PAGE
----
Correcting a Well-Placed Comment About Public Investment in Infrastructure

The New York Times reported on President Obama’s Miami speech yesterday where he proposed a program of public and private investment to pay for national infrastructure improvements.  The article quotes Ken Orski, the editory of Innovation Briefs and a transportatoin official for Richard Nicon and Gerald Ford.

CALIFORNIA FARMING BACK ROADSKen Orski tells us that back in the 19th century, canals and roads were financed with private money and suggests that public spending did not occur until Roosevelt’s New Deal.

This is not correct.

As far back as the 18th century government — federal, state, and local — invested in transportation.  None other than small government president Thomas Jefferson advocated for federal surpluses to be applied to infrastructure including canals and other “great objects” underway in the nation.  In fact, the Jefferson administration preferred government investment to private for the purposes of enabling free commerce.

Preceding the Civil War, federal investment — those pursued by Jefferson — did decline, but that did not mean private enterprise picked up the slack.  For the most part it shifted to the state level.  States spent nearly 10 times federal investment, but both were large sums for the era, nearly half a billion dollars preceding the Civil War.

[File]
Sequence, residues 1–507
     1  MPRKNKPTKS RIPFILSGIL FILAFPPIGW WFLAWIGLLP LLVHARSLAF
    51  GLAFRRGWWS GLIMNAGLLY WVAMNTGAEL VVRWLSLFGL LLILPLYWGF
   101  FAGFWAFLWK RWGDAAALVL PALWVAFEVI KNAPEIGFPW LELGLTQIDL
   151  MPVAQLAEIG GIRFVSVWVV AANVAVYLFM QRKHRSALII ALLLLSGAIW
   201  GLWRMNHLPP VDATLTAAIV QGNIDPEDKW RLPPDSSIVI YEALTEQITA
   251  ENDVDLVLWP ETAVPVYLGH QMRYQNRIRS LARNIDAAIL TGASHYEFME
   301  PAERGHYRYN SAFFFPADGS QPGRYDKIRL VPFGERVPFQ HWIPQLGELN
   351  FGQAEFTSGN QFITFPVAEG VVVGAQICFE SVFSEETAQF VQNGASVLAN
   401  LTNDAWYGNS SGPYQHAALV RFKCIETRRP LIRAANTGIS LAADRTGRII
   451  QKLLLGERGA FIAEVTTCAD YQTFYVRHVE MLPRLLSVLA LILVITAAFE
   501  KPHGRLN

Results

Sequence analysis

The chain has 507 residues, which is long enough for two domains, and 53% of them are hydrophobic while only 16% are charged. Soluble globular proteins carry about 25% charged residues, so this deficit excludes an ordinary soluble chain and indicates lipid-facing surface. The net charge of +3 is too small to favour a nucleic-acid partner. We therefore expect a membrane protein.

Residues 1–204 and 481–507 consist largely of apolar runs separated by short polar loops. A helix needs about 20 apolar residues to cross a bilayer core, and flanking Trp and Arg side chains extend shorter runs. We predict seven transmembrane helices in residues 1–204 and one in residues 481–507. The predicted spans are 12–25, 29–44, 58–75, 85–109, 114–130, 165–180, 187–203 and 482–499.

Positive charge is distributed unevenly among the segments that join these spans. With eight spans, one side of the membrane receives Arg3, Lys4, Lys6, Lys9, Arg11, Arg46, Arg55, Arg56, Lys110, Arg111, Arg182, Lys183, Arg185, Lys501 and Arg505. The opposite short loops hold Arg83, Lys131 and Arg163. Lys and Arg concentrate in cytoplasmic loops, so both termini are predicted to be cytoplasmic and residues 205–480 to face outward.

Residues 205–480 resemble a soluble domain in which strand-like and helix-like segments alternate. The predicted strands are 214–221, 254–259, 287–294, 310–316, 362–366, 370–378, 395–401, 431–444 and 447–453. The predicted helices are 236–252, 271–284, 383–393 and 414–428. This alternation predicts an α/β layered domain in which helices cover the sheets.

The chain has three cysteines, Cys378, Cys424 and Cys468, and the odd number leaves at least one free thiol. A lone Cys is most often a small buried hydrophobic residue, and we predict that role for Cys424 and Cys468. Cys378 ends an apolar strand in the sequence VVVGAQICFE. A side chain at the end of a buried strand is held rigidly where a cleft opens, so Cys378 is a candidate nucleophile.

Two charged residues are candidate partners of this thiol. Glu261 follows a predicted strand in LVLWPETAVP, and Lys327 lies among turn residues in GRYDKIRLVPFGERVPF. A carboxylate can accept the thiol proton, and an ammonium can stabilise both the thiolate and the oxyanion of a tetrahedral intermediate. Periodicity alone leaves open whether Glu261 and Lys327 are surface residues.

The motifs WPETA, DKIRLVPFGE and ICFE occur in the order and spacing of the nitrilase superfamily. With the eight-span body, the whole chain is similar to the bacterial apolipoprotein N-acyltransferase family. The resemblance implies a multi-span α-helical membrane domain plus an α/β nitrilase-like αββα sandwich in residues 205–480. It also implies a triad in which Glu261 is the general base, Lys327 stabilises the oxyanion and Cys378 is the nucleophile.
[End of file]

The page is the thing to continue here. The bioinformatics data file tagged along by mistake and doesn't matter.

Public Private Infrastructure InvestmentThe New York Times article also uses the railroad industry as an example of privately funded infrastructure investment.  This also is not entirely true, especially when you take into account the enormous grants of land.  During the 19th century tens of millions of acres were given to railroad interests which could then be sold or leased for profit to support rail investment.

The only large scale privately funded rail system in the United States was James J. Hill’s Great Northern Railway lines out of St. Paul, Minnesota, but even here there were gifts of land in place.

The point is, since the founding of the United States, government as invested in infrastructure.  The investments increased in the New Deal era and throughout the strong post-World War decades of the second half of the 20th century, but public investment did not begin with the New Deal as Mr. Orski implies and as reported by the New York Times.

Misrepresenting facts makes sensible public policy decisions more difficult as some people are likely to think that we somehow did things differently and better in the past.  It paints the wrong picture because we did, in fact, do things differently and better in the past, but that was not a past reliant more on private investment, it was a past when shared public investment built and sustained a strong America.

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